Shortly after he decided to leave USC a year early to enter the NFL draft, Mark Sanchez got some advice from his high school coach.
Sanchez didn't think much of it at the time, but he realized the other day that Bob Johnson was spot on.
"I remember coach Johnson telling me, 'This is going to be the longest year of your life,' " Sanchez said of his coach at Mission Viejo High in Southern California. "He was dead on. It's the funnest year by far, but it's long."
How long? Well, remember that 3-0 start by Sanchez? It seems like forever ago.
In between, there was the midseason wobble . . . the meltdowns against the Saints, Bills and Patriots . . . the sliding lessons from Joe Girardi that went hopelessly awry in Toronto . . . the mind-numbing home loss to the Falcons that led coach Rex Ryan to think it was all over.
After all the twists and turns, there Sanchez was last night, throwing darts in the stiff winds and frigid temperatures, operating a highly efficient offense in a win-and-you're-in game.
The longest year of Sanchez's life just got a little longer. The Jets pounded the Bengals into submission with a terrific first 30 minutes, taking a 27-0 lead into halftime on the way to a 37-0 win and a ticket to Cincinnati for a rematch in next weekend's wild-card playoff round.
Fittingly, it was Mangini who played the willing trade partner to give the Jets the quarterback they hope to build around for the next dozen or so years.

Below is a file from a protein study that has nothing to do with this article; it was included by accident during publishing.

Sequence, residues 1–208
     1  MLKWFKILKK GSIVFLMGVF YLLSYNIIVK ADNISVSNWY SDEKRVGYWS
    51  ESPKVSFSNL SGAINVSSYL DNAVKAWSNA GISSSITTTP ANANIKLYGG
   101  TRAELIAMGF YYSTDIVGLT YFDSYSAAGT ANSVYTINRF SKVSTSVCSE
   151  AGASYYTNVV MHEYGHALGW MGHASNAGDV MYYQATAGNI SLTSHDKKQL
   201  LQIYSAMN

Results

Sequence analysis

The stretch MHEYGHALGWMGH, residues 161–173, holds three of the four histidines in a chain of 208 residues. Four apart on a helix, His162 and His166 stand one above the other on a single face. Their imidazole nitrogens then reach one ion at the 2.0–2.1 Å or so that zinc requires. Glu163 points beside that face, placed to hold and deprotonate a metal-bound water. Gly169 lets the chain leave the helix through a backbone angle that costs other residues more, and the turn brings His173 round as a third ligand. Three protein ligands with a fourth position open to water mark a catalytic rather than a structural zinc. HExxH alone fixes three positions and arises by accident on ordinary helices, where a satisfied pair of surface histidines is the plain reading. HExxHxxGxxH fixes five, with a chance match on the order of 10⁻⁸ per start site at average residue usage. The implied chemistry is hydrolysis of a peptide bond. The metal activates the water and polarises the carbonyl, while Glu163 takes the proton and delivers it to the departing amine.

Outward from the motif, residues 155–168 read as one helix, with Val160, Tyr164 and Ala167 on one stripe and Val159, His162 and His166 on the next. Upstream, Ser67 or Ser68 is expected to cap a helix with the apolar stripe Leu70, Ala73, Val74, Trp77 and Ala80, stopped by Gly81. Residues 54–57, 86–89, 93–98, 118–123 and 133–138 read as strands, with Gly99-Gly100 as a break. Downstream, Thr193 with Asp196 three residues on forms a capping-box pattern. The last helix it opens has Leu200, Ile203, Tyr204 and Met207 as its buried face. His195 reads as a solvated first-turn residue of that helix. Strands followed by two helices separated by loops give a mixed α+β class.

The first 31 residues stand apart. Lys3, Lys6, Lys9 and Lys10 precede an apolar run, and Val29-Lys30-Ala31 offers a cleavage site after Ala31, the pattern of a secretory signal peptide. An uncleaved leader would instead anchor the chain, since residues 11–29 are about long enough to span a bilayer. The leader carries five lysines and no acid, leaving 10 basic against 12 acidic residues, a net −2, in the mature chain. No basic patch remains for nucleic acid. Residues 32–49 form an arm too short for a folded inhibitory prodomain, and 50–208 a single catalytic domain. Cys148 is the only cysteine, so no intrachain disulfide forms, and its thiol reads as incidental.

"He wanted to be on that big stage," Ryan said afterward. "He wanted this game. He wanted the big stage. Some quarterbacks can't play on that stage, but he isn't one of them."
Sure, Sanchez still is very much a work in progress. But the fact that he has managed to overcome this much this soon gives hope to a franchise that has been so painfully short of that commodity in the four decades-plus since Joe Namath's Super Bowl III moment. "I'm learning so much on the fly," he said. "I feel like I've come a long way."
It really kicked in during preparations for last week's game against the Colts. Feeling a sense of closure with the season nearing an end, Sanchez could feel the vibe from his veteran teammates about what it would take to get to this point.
The Jets wound up beating the Colts, who rested their starters late in the third quarter. Say what you will about the win, but give Sanchez credit for playing with composure and not turning the ball over.
In fact, turnovers have been the story for Sanchez all season. In the 10 games in which he has thrown either one or no interceptions, the Jets are 8-2. They're 0-4 when he threw at least three picks. His interception-free performance last night ensured that the Jets would make the playoffs.
"These are the kind of games that you want to play in," said Sanchez, who was 7-for-12 for 54 yards in the first half. (The numbers could have been even better; Braylon Edwards dropped a would-be 48-yard touchdown pass in the second quarter.) "There are games you're going to need to air it out, but in this one, it was important not to make any mistakes and put your team in a bad position."
The combination was perfect for the Jets: mistake-free football from Sanchez, more pounding from the running game, two dramatic plays from wide receiver Brad Smith in their "Tiger" offense and a smothering defense.
And now it is on to Cincinnati on Saturday for a rematch. The formula no doubt will be the same: close-to-the-vest quarterbacking, bruising running, a few trick plays and more punishing defense.
There's no guarantee it will work as well the second time. But at least they get the chance to find out.